Sustainability – It’s About Feeding the Soil

 

One of the important shifts in understanding, for consumers - as well as growers, is  to recognize that the healthiness and flavor of the food on our plates is the result of choices made even before the seeds were put in the ground.

kawanuifarmAnd one of the elemental pieces of wisdom being passed from organic farmers to fellow growers – farmers as well as ornamental gardeners – and to the consumer is that it is the HEALTH of the SOIL that  is the best measure of sustainability

Two of Hawaii’s pre-eminent organic growers say in their workshops

“Remember, you are GROWING  SOIL, not just plants. With healthy soil, the plants will grow themselves” 

Gerry Hebert and Nancy Redfeather, Kawanui Farms, Honalo, South Kona

Why Feed the  Soil?

Below is a chart adapted from Eliot Coleman’s “The  New Organic Grower” to help us understand the foresight of intentionally building healthy soil versus the short sight of just ‘feeding the plants’ with chemical inputs that try to compensate for lifeless soils.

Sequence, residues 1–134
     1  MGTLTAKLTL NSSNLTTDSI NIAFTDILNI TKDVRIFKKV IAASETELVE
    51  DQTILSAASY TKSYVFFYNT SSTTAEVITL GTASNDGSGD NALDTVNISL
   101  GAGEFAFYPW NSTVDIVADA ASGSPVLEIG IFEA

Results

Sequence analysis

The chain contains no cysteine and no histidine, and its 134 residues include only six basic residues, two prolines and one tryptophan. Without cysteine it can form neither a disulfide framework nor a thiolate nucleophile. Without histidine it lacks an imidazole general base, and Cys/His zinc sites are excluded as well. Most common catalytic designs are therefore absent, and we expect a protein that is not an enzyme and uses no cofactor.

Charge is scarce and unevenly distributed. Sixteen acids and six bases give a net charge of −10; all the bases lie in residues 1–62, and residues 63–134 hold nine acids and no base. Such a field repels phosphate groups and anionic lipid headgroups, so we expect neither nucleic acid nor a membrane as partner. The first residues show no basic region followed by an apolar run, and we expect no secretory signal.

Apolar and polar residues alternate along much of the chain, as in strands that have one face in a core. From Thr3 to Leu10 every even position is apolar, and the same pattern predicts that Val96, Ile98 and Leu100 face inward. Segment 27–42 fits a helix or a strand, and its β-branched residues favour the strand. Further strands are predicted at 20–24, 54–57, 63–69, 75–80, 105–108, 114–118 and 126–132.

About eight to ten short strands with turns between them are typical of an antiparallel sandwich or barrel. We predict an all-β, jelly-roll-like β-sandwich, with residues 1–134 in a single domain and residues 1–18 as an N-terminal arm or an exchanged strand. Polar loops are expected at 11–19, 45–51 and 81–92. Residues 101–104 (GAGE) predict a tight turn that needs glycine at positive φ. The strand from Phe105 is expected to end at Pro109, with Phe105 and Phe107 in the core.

Organic = Feeding The Soil

(creating healthy soil resources for current and future crops)

Conventional = Feeding The Plant

(synthetic support for only the current crop/no resources to help future crops)

  • Soil fertility is a biological process                 
  • Only the nutrients removed from the farm as crops need to be replaced.
  • Nitrogen is not purchased because it is supplied by symbiotic and non-symbiotic processes.
  • Inputs are purchased in their least processed and least expensive form.
  • 75% of the nutrient value of all feed consumed by animals is returned in manure as nutrient input to the farm.
  • Soil fertility is an imported commodity.
  • All nutrients required to “create” a crop are purchased from off the farm.
  • Nitrogen is a very important purchased input.
  • Inputs are purchased in their most processed and expensive form. Solubility and availability of these inputs is considered a chemical process performed on an industrial level.
  • All feed is a pure expense; animal manure is treated as a problem rather than an asset.

Sustainable w/ long term benefits

Non-Sustainable

 

The Gift

Feeding the soil creates a lasting resource that we can enjoy food from today and that is also a gift to future generations of farmers – AND diners! Healthy soil today – even healthier families tomorrow, a good, practical farmer-to-consumer motto to live by.